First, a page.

This essay is part of the Ultimate Texas Celebrity Bracket. Read them all—and cast your vote!—here.

Within the first three minutes of Spy Kids 3: Game Over, eleven-year-old Juni Cortez (Daryl Sabara), decked out in a monochromatic brown outfit, struts in slow motion down an empty Congress Avenue, in Austin. He has a briefcase in hand, the Capitol looming behind him, the tails of his trench coat blowing in the Texas breeze. Unbeholden to the layman’s sidewalk, he is headed right down the middle of the road. Where are his parents? Who cares. In the Spy Kids universe, the kids run the show—and maybe it’s time for the real world to take a few notes. 

To refresh your memory, in case you were ever confused, the Spy Kids franchise focuses on kids who are spies, following in the footsteps of their spy parents (shout-out to nepotism). Written and directed by San Antonio–born Robert Rodriguez, the original early-aughts trilogy follows Juni and his twelve-year-old sister, Carmen, and their once retired but now unretired parents, Gregorio and Ingrid Cortez. Aside from the films’ (endearingly) bad CGI, Rodriguez created a heartfelt and imaginative three-peat about the importance of family and of fighting for what you believe in amid a world full of corruption and power imbalances.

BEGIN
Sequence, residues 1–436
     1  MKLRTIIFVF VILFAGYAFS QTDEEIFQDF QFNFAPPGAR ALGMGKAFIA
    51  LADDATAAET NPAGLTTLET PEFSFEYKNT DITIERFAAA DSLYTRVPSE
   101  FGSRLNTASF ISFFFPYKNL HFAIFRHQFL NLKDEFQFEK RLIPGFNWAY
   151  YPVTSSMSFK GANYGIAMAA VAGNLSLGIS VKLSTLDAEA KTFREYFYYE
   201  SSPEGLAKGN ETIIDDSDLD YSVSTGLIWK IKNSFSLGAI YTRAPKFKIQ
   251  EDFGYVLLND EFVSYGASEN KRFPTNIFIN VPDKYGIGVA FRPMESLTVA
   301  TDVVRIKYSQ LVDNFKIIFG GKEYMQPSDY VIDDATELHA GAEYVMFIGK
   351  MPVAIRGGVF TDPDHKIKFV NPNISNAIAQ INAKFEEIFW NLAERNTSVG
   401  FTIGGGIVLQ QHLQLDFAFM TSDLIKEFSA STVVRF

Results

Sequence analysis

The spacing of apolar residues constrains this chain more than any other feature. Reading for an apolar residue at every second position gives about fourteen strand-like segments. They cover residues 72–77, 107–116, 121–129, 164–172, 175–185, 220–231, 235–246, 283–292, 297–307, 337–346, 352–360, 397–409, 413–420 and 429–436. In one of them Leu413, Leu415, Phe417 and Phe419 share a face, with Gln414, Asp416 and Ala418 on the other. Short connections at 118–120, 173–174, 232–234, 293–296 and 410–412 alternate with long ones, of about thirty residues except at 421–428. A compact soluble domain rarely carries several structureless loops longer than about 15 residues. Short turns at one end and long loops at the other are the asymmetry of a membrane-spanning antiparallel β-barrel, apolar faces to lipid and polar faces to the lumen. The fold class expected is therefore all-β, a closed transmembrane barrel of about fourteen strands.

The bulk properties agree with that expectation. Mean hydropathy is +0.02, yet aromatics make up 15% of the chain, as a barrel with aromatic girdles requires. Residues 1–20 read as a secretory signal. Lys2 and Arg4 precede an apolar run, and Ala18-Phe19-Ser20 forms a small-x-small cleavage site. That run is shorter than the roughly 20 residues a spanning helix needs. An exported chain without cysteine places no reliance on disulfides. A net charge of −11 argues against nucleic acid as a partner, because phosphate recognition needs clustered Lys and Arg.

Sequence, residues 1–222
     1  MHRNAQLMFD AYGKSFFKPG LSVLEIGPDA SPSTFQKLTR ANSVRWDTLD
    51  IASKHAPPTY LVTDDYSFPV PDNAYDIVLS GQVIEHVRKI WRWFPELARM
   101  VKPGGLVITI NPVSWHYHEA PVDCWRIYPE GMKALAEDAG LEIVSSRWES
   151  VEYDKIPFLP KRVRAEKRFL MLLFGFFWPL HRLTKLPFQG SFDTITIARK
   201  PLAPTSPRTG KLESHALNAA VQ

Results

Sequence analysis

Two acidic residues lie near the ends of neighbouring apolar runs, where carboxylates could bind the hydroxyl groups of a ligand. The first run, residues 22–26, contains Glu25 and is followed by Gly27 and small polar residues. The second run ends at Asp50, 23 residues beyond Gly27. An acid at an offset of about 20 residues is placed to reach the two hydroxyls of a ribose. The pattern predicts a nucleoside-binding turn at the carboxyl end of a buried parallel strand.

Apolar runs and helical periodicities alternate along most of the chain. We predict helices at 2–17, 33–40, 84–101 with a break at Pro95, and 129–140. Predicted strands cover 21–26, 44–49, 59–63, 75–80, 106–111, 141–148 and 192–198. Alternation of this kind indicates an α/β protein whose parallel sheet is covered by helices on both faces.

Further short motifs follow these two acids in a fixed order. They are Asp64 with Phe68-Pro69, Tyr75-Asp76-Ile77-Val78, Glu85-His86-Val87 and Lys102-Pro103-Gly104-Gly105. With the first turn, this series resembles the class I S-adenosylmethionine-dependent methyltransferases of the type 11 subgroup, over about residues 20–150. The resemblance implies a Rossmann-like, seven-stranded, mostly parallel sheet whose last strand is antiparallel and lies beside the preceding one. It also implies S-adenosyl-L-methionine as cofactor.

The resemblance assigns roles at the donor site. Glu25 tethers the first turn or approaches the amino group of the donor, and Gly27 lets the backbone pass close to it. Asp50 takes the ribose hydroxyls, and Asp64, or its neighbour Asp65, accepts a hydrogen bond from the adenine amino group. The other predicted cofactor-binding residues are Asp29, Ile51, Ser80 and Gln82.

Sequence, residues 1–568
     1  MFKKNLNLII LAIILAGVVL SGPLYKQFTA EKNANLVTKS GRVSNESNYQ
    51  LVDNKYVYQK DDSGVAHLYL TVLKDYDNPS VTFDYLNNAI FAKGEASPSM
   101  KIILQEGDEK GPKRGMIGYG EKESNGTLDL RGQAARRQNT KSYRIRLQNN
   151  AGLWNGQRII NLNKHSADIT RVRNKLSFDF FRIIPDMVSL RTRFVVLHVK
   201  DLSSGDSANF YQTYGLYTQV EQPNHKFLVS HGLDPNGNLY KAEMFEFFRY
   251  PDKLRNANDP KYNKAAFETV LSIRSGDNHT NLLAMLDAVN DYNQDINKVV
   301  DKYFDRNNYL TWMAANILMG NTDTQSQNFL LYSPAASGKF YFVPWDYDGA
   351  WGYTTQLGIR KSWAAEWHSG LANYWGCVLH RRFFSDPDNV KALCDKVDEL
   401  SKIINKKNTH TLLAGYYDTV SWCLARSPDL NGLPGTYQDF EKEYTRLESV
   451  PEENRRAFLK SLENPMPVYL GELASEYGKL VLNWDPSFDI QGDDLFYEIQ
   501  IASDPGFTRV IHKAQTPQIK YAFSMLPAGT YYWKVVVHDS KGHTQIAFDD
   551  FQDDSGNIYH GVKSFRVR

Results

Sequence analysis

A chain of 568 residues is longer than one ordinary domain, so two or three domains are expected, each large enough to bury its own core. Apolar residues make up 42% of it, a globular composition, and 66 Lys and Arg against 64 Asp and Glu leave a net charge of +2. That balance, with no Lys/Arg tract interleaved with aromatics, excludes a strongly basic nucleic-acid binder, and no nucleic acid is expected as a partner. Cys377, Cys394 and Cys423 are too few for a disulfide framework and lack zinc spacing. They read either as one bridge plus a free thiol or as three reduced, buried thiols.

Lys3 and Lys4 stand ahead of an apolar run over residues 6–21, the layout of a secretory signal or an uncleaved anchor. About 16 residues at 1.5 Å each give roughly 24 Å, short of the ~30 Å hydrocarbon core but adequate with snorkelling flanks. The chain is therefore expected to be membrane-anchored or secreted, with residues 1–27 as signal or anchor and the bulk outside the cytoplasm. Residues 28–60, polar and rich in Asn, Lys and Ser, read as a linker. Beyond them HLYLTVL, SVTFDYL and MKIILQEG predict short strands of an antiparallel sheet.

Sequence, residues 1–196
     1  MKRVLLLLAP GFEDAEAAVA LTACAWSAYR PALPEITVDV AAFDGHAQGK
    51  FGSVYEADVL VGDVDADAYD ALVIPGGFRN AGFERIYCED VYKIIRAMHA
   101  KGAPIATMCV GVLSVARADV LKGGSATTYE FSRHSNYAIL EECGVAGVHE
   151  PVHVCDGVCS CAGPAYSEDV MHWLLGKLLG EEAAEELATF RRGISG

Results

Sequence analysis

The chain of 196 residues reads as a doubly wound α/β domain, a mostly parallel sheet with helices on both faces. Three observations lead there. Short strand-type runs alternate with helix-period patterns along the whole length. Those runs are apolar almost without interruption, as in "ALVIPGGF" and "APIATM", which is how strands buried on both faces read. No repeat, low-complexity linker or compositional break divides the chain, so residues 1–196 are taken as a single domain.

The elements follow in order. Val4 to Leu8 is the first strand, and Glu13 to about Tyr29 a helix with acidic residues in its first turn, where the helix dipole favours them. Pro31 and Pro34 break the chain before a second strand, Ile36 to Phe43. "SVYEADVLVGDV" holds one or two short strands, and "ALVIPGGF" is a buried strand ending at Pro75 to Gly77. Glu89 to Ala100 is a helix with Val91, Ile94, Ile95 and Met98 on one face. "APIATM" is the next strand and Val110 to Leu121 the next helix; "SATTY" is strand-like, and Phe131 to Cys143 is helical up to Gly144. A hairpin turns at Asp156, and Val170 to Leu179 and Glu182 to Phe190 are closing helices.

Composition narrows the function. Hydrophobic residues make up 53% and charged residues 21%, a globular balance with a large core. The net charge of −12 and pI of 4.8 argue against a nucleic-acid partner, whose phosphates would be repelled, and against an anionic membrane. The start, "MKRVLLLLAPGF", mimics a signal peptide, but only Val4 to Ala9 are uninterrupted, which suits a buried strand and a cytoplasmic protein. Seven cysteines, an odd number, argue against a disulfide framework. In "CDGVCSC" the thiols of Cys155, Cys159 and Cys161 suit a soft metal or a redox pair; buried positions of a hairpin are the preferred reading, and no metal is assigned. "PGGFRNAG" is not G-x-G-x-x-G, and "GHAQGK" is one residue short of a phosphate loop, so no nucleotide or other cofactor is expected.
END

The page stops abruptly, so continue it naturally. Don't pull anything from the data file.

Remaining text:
The first film is about the Cortez family’s fight to stop a billionaire from creating an army of robot children to take over the world. The second is about the family’s attempts to stop corrupt actors within the U.S. government from getting their hands on technology that will allow them to, you guessed it, take over the world. The third film follows an ousted and alienated Juni as he enters into a virtual reality video game to save Carmen and stop the villain Toymaker from controlling the minds of the world’s youth and in turn—say it with me—take over the world.